We were having an off camera gathering to celebrate our producer Tom Vitale’s birthday at a restaurant in Tehran. When the other diners heard there was a birthday at our table, the whole dining room sang us Happy Birthday in farsi and English. This was not an isolated incident, only one example. Our daily experiences were filled with delightful incongruities.

At the time we were there, the mood was cautiously hopeful for a time where we, Americans and Iranians, might see more of each other in the near future. Iran, it should be pointed out, is very beautiful. The food is spectacular. Iranians are very proud of their cooking — and for good reason. They are also famously generous hosts.

During my time in Iran, I was not naïve about where I was — or the realities of the situation. The secret police camped out a few doors down from my room (very congenial ones, to be fair), were a reminder. The fact that twitter, instagram, and Facebook are forbidden. The sinister sounding “Ministry of Guidance”, for whom we had to refer for approvals, were unfailingly congenial and helpful, however. No intrusive government presence — or attempts to shape our story were felt as we went about our business, unlike any number of other places we’ve shot over the years.

We were not there to do an “expose” of life inside Iran. Nor were we there to do a fair, balanced, comprehensive overview — or anything of the sort. My intention was simply to give a flavor of that weird intangible, what it feels like to walk the streets, sit at the table, look around. To listen. To show you what I saw.

This is not a black and white world — as much as people would like to portray at as such. That’s not an apology for anything. I’m just saying that the brief, narrow slice of Iran we give you on this episode of PARTS UNKNOWN is only one part of a much deeper, multi-hued very old and very complicated story. Like anything as ancient and as beautiful as the Persian Empire, its worth, I think, looking further. It’s also place that can warm your heart one day and break it the next.

At the time of this writing, Washington Post correspondent Jason Rezaian remains imprisoned. The reasons for his arrest have never been explained. In our time with him, on camera and off, he was unfailingly affectionate and generous in his portrayal of Iran — an advocate for — if anything — understanding. It is a mystery and an injustice that any would find fault with him or his wife, Yeganeh (who has only recently been released).

When he undertook to write his own romance of the future – News from Nowhere – he produced perhaps the most thoroughly and deeply Anarchistic conception of future society that has ever been written […] his ideal society is undoubtedly the one which is most free of all our State and monastic traditions; the most imbued with the feelings of equality and humanitarian love; the most spontaneously growing out of a spirit of free understanding.
—  Peter Kropotkin, from an obituary for William Morris in Freedom (1896)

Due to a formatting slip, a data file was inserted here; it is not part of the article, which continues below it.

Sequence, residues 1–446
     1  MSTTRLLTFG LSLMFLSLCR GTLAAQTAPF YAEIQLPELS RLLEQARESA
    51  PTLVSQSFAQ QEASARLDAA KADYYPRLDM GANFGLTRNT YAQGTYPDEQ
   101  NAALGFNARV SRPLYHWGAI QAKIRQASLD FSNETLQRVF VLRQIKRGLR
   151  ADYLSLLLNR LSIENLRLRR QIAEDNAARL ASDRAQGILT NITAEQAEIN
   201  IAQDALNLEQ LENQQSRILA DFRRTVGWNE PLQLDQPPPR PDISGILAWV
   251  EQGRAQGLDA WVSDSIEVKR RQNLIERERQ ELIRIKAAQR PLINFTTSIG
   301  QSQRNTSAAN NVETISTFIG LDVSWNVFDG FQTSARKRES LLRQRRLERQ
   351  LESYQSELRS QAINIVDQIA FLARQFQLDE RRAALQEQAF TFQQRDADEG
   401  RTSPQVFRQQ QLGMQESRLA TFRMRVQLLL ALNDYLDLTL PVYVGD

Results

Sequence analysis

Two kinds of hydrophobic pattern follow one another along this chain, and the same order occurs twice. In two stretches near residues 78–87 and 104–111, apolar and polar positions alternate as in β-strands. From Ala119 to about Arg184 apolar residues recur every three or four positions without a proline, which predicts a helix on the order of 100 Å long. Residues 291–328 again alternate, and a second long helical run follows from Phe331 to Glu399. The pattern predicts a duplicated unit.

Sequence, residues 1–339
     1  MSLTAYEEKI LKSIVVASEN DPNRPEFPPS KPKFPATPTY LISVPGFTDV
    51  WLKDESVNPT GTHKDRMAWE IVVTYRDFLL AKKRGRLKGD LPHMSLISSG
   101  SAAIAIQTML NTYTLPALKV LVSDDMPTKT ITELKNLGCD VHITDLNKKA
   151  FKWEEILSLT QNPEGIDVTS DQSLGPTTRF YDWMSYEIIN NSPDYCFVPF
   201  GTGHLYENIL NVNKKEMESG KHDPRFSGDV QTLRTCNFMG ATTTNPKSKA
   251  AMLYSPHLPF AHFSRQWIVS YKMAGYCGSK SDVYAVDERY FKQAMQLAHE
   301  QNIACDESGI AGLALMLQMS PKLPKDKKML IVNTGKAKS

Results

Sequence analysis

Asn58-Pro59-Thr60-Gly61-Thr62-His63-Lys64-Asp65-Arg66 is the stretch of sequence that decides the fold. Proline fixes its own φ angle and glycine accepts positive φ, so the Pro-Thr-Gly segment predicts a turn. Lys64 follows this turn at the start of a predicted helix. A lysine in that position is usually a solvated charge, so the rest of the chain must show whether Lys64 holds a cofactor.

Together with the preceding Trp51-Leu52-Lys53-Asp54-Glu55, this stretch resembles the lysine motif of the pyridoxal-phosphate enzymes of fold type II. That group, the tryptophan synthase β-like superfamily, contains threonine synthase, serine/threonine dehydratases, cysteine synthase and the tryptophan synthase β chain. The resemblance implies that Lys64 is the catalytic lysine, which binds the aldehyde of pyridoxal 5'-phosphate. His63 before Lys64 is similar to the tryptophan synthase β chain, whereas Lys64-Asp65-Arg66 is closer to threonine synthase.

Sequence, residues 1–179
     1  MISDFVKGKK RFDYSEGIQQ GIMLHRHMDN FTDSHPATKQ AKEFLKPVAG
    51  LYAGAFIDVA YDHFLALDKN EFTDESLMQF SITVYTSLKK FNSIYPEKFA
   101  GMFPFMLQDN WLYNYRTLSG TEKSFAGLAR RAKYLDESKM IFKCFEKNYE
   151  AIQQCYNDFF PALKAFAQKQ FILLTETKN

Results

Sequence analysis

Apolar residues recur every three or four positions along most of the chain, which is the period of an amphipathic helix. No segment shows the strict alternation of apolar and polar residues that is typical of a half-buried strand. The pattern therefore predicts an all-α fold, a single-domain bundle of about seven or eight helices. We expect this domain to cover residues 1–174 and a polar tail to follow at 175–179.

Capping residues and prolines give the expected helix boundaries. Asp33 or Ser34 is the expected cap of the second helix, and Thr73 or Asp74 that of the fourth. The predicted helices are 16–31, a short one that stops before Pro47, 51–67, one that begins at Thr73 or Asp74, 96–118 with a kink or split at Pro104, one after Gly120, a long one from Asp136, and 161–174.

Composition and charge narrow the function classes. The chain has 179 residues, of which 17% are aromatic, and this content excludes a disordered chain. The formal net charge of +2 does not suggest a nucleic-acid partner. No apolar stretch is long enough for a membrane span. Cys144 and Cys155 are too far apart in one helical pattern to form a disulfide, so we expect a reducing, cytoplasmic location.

10 March 2014

The English actor, writer, and technology enthusiast, Robert Llewellyn, was born on this date. He has worked in British television, with an early success in 1989 as Kryten on the show, Red Dwarf.

He has written a dozen books, but it wasn’t until he worked with that he produced his first science fiction novel, News from Gardenia [2012].

I’ve struggled for 3 years to come up with a term that properly describes what I’m trying to do with the News from trilogy.

Although I was originally inspired by re-reading the utopian novel News from Nowhere [1890] by William Morris, that was only a starting point.

I originally set out to describe a possible world 200 years in the future that was simply better than the one we live in now. A world where people had stopped burning things to make or do other things, a world where the human race lived with the planet, not from it.

Writing the books has made me appreciate long term thinking, how the technology we are wedded to is utterly outdated and short term and how our current actions are increasingly likely to affect the future.

So I never wanted to use the term ‘Utopian’ to describe the worlds I was creating, they were not intended to be ‘perfect worlds where all was in harmony’ (that last phrase to be read in the ‘High Kryten’ style as depicted in Red Dwarf V episode ‘Demons and Angels’)

I simply used the description, ‘not dystopian’ to describe what I was attempting to do.

When explaining the books to an audience I would get a few cheap laughs by saying ‘there are no zombies, no earth shattering meteors, no post apocalyptic nightmare where one man, played in the movie by Mel Gibson, Bruce Willis or Denzel Washington has to walk across a burning world shooting people to save his daughter.’

But I didn’t have a word to describe what the stories were. […]

In [an interview with Kevin Kelly] I heard he used the term ‘Protopian.’

Thank you Mister Kelly, that’s the term I’ve been looking for.

A protopian novel is set in a future that is not set in aspic, it is better than today but still developing and changing. Protopia is Progress Utopia; as Mister Kelly states, ‘today is a little better than yesterday, not much, but it is a little better, and tomorrow will be a little better than today.’

His latest book is News from the Squares [2013]. He is preparing the third book in the News from trilogy, News from the Clouds, which is, on his birthday, a little more than half-funded at